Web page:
Java Object Oriented Design - Java Instance/Static Methods

A class can have two types of methods: instance methods and class methods. Instance methods and class methods are also called non-static methods and static methods, respectively.

An instance method is used to implement behavior for the instances of the class. An instance method can only be invoked in the context of an instance of the class.

A class method is used to implement the behavior for the class itself. A class method always executes in the context of a class.

The static modifier is used to define a class method. The absence of the static modifier in a method declaration makes the method an instance method.


The following are examples of declaring some static and non-static methods:

// A  static or  class method 
static void  aClassMethod()  {

// A  non-static or  instance method 
void  anInstanceMethod()  {



When a static method of a class is called, an instance of that class may not exist. Therefore, it is not allowed to refer to instance variables from inside a static method.

Class variables exist as soon as the class definition is loaded into memory. The class definition is loaded into memory before the first instance of a class is created.

A class method or static method can refer to only class variables or static variables of the class. An instance method or non-static method can refer to class variables as well as instance variables of the class.

The following code demonstrate the types of class fields that are accessible inside a method.

public class Main {
  static int m = 100; // A static variable
  int n = 200; // An instance variable
/*ww w  . j  a  v  a 2 s.  co  m*/
  // Declare a static method
  static void printM() {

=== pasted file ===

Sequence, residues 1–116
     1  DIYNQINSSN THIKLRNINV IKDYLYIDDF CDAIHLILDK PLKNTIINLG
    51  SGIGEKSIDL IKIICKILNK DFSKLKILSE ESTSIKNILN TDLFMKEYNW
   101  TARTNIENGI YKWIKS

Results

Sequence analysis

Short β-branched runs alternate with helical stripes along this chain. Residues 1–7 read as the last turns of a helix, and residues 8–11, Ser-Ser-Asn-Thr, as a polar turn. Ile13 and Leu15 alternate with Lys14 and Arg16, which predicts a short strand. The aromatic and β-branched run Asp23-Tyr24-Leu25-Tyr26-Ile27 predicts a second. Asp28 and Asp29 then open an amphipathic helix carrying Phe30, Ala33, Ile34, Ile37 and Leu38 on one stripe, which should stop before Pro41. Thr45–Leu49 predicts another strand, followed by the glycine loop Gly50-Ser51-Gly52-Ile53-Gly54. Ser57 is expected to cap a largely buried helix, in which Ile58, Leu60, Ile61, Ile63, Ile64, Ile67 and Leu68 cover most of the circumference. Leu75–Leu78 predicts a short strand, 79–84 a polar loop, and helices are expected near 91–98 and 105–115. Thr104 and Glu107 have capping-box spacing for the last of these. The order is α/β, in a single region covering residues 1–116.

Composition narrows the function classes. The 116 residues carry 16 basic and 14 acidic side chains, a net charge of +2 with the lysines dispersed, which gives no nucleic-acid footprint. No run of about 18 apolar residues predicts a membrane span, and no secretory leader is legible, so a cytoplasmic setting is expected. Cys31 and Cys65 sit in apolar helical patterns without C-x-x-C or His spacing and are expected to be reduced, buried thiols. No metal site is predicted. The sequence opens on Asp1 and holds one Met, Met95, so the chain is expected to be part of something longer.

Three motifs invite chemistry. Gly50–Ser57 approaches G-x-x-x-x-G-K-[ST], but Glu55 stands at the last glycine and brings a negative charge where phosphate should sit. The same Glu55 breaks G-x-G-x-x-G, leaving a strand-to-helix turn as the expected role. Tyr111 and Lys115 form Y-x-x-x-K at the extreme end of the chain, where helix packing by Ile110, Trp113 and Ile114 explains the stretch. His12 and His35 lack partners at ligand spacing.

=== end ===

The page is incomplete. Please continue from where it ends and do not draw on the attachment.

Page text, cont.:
* We can refer to only static variable m in this method because you are
     * inside a static method

    System.out.println("printM() - m   = " + m);


  // Declare an instance method
  void printMN() {
    /* We can refer to both static and instance variables m and n in this method */
    System.out.println("printMN() - m   = " + m);
    System.out.println("printMN() - n  = " + n);

Invoking a Method

Executing the code in the body of a method is called invoking (or calling) a method.

Instance methods and class methods are invoked differently.

An instance method is invoked on an instance of the class using dot notation.

<instance reference>.<instance method name>(<actual parameters>)

We must have a reference to an instance of a class before calling an instance method of that class.

The following code shows how to invoke the printMN() instance method of the Main class:

// Create an  instance of  Main class  and
// store its  reference in mt reference variable
Main mt = new Main();

// Invoke  the   printMN() instance  method  using the   mt reference variable 

To invoke a class method, use dot notation with the class name.

The following code invokes the printM() class method of the Main class:

// Invoke  the   printM() class  method

Whatever belongs to a class also belongs to all instances of that class. We can also invoke a class method using a reference of an instance of that class.

Main mt = new Main();
mt.printM(); // Call the   class method  using an  instance mt

Using the class name to invoke a class method is more intuitive than using an instance reference.